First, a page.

In his closing statement at COP26 in Glasgow earlier this month, António Guterres, the Secretary-General of the UN stated that ‘Science tells us that the absolute priority must be rapid, deep and sustained emissions reductions in this decade. Specifically – a 45% cut by 2030 compared to 2010 levels.’ About three-quarters of global green house gas emissions are carbon dioxide (30.4 billions tons in 2010 according to the IEA). A reduction in carbon emissions of 45% by 2030 would reduce this to 16.7 billion tons or an average of about 2 tons per person per year (tCO2/person/yr) allowing for the predicted 9% growth in the global population to 8.5 billion people by 2030. This requires the average resident of Asia, Europe and North America to reduce their carbon emissions to about a half, a quarter and a tenth respectively of their current levels (3.8, 7.6 & 17.6 tCO2/person/yr respectively, see the graphic below and ‘Two Earths‘ on August 13th, 2012). These are massive reductions to achieve in a very short timescale, less than a decade. Lots of people are talking about global and national targets; however, very few people have any idea at all about how to achieve the massive reductions in emissions being talked about at COP26 and elsewhere. The graphic above shows global greenhouse gas emissions by sector with almost three-quarters arising from our use of energy to make stuff (energy use in industry: 24%), to move stuff and us (transport: 16%), and to use stuff and keep us comfortable (energy use in building: 17.5%). Hence, to achieve the target reductions in emissions and prevent the temperature of the planet rising more than 1.5 degrees compared to pre-industrial levels, we need to stop making, buying, moving and consuming stuff. We need to learn to live with our local climate because cooling and heating buildings consumes energy and heats the planet. And, we need to use public transport, a bicycle or walk. By the way, for stuff read all matter, materials, articles, i.e., everything! We will need to be satisfied with where we are and what we have, to learn to love old but serviceable belongings [see ‘Loving the daily current of existence‘ on August 11th, 2021 and ‘Old is beautiful‘ on May 1st, 2013].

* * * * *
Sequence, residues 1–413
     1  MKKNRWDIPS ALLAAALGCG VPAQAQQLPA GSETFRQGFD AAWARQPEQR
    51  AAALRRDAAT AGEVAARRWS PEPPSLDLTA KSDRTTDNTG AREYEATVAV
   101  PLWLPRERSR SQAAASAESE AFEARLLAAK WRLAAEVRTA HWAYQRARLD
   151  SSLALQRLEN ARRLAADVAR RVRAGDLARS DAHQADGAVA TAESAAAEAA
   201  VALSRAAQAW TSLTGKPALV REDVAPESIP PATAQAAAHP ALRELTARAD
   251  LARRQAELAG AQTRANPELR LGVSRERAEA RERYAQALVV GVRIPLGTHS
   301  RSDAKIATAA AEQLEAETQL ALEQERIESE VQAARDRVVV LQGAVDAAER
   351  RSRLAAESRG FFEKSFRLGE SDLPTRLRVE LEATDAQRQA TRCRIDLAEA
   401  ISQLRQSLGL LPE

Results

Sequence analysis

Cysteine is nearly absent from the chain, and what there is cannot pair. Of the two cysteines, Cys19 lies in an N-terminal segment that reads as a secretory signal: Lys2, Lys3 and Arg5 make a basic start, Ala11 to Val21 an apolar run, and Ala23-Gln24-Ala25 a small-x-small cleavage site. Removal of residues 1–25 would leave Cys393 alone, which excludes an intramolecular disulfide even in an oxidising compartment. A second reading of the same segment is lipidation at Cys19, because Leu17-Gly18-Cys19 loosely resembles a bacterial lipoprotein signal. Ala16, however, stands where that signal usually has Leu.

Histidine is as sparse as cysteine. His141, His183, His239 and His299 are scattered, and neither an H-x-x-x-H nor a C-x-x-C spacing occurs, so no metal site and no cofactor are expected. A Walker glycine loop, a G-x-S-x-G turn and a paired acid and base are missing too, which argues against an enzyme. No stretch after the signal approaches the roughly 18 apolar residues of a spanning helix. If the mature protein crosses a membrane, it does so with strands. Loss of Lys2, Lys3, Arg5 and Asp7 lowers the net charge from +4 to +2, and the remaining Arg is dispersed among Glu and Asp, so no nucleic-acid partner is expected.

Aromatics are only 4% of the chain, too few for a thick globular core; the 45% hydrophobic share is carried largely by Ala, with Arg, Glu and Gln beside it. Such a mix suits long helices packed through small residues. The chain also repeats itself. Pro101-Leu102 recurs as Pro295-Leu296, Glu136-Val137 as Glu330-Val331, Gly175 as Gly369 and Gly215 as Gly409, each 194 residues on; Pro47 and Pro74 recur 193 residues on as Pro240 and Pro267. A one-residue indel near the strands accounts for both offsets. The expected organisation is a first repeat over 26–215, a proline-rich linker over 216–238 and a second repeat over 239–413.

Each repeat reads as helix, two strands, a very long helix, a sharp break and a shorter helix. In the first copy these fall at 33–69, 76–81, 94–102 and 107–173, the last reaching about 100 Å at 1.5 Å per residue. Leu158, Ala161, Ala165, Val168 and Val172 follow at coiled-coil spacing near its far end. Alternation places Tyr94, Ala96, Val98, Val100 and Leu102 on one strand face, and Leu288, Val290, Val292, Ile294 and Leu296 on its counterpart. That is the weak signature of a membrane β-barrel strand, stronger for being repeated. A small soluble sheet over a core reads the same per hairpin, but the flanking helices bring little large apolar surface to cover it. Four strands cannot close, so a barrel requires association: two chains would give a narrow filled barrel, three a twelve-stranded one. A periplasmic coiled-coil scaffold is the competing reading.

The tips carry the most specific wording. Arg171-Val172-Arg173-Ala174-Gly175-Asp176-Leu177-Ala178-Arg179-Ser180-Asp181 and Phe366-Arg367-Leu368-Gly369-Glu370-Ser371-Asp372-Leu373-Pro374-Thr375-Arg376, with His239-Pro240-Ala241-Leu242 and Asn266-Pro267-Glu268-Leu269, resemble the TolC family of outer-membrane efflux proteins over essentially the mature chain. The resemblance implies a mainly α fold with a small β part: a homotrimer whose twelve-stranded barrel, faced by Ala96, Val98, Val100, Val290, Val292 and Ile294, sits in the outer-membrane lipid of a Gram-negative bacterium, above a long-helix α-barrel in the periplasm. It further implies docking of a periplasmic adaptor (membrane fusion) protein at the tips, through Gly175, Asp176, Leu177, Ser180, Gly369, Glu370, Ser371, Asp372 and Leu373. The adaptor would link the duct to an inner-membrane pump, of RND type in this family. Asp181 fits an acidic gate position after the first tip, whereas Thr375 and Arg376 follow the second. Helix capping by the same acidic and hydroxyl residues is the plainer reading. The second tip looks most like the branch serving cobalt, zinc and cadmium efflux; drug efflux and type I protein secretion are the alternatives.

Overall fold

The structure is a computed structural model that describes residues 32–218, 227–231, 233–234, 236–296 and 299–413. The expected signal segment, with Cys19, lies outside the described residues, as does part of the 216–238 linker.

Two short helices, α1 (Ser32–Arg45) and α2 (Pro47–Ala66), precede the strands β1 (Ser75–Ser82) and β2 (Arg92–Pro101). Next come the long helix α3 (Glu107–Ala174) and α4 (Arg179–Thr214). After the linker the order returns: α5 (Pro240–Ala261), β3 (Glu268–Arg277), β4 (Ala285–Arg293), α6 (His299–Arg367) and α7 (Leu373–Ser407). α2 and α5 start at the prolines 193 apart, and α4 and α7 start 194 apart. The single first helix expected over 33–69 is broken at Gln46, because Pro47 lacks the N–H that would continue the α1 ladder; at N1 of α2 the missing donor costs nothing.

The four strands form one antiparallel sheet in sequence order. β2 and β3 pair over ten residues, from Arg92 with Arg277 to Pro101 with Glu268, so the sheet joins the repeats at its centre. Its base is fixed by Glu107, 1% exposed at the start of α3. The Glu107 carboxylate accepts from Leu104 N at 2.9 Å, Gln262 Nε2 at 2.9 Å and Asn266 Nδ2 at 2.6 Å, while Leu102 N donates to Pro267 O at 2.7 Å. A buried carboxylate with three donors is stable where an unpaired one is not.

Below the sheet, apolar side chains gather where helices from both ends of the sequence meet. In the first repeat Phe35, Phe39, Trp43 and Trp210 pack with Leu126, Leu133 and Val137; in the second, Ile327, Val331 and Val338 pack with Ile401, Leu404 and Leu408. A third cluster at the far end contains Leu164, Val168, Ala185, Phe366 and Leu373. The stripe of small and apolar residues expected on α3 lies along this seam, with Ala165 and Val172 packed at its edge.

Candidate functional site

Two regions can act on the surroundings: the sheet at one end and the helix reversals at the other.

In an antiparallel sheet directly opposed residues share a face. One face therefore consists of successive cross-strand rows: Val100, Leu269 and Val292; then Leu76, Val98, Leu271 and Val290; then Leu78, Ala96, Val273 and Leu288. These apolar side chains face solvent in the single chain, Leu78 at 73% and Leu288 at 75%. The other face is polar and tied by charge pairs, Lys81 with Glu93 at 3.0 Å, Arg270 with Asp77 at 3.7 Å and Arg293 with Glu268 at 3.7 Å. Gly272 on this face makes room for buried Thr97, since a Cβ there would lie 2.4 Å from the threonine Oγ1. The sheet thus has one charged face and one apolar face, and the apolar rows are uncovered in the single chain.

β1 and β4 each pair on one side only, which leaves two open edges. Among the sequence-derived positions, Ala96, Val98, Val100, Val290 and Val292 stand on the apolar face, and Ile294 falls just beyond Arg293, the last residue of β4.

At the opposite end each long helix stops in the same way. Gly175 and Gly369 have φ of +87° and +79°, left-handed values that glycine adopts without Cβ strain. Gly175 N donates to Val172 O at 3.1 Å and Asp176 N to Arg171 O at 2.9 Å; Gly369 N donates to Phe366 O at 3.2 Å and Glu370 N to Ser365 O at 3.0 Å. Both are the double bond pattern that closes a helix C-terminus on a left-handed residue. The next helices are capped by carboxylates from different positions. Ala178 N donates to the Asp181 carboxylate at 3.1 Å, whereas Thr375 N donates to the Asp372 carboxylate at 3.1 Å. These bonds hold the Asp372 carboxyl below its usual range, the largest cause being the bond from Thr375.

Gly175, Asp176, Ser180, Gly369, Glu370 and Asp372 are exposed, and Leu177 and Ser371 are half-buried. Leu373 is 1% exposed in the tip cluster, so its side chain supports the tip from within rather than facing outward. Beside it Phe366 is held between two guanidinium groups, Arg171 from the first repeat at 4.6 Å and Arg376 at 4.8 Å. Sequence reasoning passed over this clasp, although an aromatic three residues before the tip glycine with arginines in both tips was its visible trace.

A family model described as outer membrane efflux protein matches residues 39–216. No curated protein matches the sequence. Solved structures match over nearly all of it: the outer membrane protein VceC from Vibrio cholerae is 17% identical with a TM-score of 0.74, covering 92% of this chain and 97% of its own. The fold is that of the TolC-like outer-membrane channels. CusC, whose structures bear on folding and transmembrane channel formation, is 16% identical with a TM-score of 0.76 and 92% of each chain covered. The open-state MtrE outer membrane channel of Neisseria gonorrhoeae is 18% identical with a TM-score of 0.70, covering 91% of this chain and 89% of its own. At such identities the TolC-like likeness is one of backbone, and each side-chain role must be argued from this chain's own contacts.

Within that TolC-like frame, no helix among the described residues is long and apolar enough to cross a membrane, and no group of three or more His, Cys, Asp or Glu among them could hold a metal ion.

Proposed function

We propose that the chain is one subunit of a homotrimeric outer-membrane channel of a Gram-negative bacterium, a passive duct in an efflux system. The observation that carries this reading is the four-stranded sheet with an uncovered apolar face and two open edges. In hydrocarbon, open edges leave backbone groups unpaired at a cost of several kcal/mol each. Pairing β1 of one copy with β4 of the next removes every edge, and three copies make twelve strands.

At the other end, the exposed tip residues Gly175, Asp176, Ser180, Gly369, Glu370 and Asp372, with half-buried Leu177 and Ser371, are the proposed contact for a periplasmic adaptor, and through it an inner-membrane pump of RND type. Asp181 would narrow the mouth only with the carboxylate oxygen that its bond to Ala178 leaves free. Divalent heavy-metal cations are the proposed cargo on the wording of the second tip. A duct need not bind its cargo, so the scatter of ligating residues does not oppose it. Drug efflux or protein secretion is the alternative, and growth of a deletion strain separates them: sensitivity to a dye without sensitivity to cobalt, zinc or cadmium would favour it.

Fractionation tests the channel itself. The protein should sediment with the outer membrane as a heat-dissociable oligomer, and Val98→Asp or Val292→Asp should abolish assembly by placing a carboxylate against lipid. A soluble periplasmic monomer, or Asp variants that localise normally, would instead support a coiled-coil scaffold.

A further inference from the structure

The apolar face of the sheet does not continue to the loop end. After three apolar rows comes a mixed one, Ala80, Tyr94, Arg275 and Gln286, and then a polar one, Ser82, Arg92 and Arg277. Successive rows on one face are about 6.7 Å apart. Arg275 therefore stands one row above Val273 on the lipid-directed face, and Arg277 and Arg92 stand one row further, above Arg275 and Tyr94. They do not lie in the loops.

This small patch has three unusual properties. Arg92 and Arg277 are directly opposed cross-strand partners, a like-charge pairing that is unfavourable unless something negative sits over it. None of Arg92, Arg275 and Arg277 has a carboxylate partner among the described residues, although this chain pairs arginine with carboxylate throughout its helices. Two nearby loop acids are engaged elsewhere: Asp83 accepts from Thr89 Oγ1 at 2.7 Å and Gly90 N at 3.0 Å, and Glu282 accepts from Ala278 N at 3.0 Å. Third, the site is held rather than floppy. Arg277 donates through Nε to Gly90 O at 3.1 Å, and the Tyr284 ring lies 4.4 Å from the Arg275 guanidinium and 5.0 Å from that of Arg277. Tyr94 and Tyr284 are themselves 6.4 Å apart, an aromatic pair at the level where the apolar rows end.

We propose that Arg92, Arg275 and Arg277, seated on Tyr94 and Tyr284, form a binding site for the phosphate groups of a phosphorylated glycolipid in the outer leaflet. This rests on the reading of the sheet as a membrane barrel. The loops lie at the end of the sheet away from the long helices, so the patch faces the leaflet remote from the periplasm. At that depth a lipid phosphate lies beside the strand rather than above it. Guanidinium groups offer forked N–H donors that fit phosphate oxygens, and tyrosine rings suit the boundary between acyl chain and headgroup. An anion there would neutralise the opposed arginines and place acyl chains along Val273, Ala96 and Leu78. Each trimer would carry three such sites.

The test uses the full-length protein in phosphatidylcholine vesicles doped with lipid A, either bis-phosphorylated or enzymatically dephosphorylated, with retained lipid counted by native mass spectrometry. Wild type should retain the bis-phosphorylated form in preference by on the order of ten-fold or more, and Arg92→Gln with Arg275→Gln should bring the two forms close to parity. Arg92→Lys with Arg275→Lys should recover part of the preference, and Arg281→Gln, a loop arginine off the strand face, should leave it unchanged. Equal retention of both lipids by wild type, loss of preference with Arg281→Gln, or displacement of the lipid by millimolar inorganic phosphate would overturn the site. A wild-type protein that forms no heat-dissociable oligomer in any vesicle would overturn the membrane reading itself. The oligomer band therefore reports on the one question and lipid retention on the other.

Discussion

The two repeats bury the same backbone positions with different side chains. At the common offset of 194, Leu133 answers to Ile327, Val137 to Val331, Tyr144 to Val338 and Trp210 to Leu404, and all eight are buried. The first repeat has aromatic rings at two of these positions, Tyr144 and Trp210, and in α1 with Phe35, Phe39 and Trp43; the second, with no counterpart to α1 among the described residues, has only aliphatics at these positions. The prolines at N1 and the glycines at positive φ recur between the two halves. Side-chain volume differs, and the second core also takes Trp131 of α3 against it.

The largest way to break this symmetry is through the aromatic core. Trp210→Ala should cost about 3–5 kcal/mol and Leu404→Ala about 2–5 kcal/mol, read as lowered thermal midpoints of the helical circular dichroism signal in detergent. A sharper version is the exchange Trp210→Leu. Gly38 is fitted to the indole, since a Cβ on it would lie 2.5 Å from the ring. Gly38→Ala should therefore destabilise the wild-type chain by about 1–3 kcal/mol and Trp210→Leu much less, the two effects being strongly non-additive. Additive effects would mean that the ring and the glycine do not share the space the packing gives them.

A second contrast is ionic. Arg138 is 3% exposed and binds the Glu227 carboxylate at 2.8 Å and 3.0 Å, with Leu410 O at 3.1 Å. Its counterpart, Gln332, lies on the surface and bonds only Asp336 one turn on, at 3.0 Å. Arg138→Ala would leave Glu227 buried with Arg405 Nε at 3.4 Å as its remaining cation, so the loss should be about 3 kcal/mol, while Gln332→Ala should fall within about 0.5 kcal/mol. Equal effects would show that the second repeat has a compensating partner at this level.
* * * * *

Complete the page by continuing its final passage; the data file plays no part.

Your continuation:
Someone has suggested that I should write more about what engineers do. So here is the first in a series of posts in that vein.
A few weeks ago, I went to the ‘Future Powertrains Conference‘ held at the National Motorcycle Museum near Birmingham, UK. A ‘powertrain’ is the system that creates and delivers power to the wheels of vehicles. It is at the heart of a motorcycle but they were not discussed at the conference and instead the discussion was about cars and commercial vehicles. There was a big focus on achieving the EU commitment under the Kyoto Protocol to reduce greenhouse gas emissions (GHG) to below 18% of 1990 levels.
Electric powertrains figured strongly and would certainly improve the air quality in our urban environment but they shift the GHG emissions problem to our powerstations [see my post on ‘Energy Blending‘ on May 22nd, 2013 and on ‘Small is beautiful and affordable in nuclear powerstations‘ on January 14th, 2015]. Even so, the high energy density of fossil fuels means that they remain a very attractive option. The question that engineers are trying to answer is whether their GHG emissions can be reduced to below 18% of their 1990 levels.
When you plot CO2 emissions as a function of kerb weight for all passenger cars the graph reveals that the best in class achieve about 0.1 grams CO2 emitted per kilogram of kerb weight. Kerb weight is the term used for the weight of a car without passengers or luggage but with a full fuel tank. Of course, this means the simple answer is that we should all drive lighter cars!
The EU has assumed that most of us will not opt for lighter cars and has introduced legislation which is forcing manufacturers towards 0.02 grams CO2 per kg, which is a huge challenge that is being tackled at the moment by engineers, such as Paul Freeman at Mahle Powertrain Ltd who spoke at the conference. To help meet this challenge, the UK Automotive Council has produced a series of technology roadmaps such as the one shown below and discussed by Dr Martin Davy from Oxford University during the conference.
As an alternative, we could move more quickly towards driverless cars which would both use the powertrain more efficiently and reduce the risk of accidents to almost zero. A very small risk of accidents would allow lighter cars to be designed without a heavy crash-resistant cage. But, as one conference delegate commented on ‘driving’ a driverless car “where would be the fun in that!” Perhaps that shows a lack of imagination. After all, we can create exciting and safe fairground rides in which you have no control over the ‘vehicle’ into which you are strapped. So why shouldn’t there be an ‘extra excitement’ button in a driverless car in just the same way that some modern cars have a ‘sport’ button.